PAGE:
Sinfin Library is located within 100 yards of the superstore and, sadly, it is a sorry sight. People approaching it are met with the sight of a rundown, boarded-up chip shop and a dark and foreboding covered footpath.
Is this the kind of environment conducive to learning? If this is a young child’s first encounter with a library, is it any wonder it is somewhere they avoid as a teenager?
The library and its surrounding area should be seen as the civic centre of that particular area, it should be a place where young and old alike feel comfortable to go and learn. This is in stark contrast to the library in Derby’s more affluent areas, such as Allestree Library, which is a bright and inviting building.
I am also a firm believer in empowering young people, as part of this I am an advocate of votes at 16. If young people are expected to make decisions about their future at the age of 16, they should be able to vote and have a say in local and national policy.
It is no coincidence that many parties unfairly target the young in their manifestos – if a group has no voice, how can they express themselves and be expected to have self-belief?
Along with this, schools need to put a bigger emphasis on citizenship training, awakening young people’s desire to have a say and build a better Derby. Derby is a manufacturing city and has several large employers that take their workforce from within the area. This, it is said, has meant a lack of entrepreneurial spirit.
With the landscape in higher education being evermore turned into a market place and universities like Derby being measured on students entering graduate employment and not setting up enterprising businesses, it seems to be something that, unless aspirational behaviour is instilled from a young age, is set to continue.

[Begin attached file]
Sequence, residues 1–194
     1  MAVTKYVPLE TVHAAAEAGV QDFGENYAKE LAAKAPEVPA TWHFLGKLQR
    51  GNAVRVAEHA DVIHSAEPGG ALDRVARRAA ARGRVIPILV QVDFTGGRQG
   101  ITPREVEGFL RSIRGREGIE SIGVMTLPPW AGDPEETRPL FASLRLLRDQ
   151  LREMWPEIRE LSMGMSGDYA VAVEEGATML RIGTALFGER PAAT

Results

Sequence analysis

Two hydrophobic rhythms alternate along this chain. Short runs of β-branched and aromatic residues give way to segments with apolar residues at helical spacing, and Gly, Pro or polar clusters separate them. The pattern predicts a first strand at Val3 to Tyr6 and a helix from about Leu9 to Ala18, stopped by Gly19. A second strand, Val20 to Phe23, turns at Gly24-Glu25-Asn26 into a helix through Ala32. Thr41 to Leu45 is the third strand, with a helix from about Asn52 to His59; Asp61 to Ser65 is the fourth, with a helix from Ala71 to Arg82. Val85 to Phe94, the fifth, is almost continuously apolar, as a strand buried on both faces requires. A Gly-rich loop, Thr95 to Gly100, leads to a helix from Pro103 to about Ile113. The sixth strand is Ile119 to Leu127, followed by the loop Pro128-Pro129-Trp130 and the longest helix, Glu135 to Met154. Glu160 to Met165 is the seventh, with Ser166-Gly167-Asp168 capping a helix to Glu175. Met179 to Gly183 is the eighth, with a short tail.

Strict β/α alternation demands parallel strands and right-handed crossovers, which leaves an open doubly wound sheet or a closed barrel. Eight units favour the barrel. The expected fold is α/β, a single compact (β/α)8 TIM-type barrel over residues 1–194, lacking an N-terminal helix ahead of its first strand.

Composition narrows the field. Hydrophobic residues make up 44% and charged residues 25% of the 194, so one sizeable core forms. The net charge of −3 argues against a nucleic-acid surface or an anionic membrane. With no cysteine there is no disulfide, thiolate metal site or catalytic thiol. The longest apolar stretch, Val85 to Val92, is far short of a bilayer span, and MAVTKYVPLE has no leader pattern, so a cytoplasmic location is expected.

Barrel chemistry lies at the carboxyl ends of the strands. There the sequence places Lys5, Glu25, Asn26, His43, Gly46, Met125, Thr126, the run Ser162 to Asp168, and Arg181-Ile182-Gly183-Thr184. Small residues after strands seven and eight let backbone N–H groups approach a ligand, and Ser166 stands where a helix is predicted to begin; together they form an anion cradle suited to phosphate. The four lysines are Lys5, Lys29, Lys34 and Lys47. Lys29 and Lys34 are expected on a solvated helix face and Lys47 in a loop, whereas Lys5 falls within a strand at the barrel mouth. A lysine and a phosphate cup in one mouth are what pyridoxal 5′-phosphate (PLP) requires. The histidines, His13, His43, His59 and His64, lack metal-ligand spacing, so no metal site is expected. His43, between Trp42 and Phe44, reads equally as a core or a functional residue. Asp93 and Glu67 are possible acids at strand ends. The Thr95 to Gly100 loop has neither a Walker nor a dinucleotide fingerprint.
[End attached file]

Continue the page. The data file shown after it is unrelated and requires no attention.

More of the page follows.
The citizenship argument used around educational institutions is still valid with local business. If there is a desire for a skilled workforce here in Derby then companies need to be involved in the processes that nurture that talent. Young people will not necessarily desire a career as a graduate engineer but, if one of our large businesses is visible in schools, creating opportunities in all areas of the city, then I believe that everyone will benefit.
At the commission, I was asked by Professor John Coyne, vice chancellor at the University of Derby, what I would do if I had a magic wand. The answer took some thought but it is simple from me, I would encourage children to learn, though not just because a school says they should but because they want to.
A child cannot learn unless they understand why they are learning. What can start as a six-year-old with a dream can develop into a 13-year-old with an aspiration and, in turn, it can become a 21-year-old with a goal and a future.
The Redfern Commission is fantastic for Derby and I am confident that its findings can help to build a future for our city that is one of which we can be proud.